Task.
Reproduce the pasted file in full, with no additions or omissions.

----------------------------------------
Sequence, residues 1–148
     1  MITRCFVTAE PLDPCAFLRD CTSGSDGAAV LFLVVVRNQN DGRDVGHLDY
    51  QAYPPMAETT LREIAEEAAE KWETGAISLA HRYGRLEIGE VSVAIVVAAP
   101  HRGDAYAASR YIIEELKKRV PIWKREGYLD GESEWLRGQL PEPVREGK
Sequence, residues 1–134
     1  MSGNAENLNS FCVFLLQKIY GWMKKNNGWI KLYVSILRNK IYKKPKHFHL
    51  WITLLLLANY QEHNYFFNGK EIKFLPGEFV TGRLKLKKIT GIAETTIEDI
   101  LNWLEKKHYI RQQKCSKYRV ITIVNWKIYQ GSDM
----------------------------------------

Sequence, residues 1–148
     1  MITRCFVTAE PLDPCAFLRD CTSGSDGAAV LFLVVVRNQN DGRDVGHLDY
    51  QAYPPMAETT LREIAEEAAE KWETGAISLA HRYGRLEIGE VSVAIVVAAP
   101  HRGDAYAASR YIIEELKKRV PIWKREGYLD GESEWLRGQL PEPVREGK
Sequence, residues 1–134
     1  MSGNAENLNS FCVFLLQKIY GWMKKNNGWI KLYVSILRNK IYKKPKHFHL
    51  WITLLLLANY QEHNYFFNGK EIKFLPGEFV TGRLKLKKIT GIAETTIEDI
   101  LNWLEKKHYI RQQKCSKYRV ITIVNWKIYQ GSDM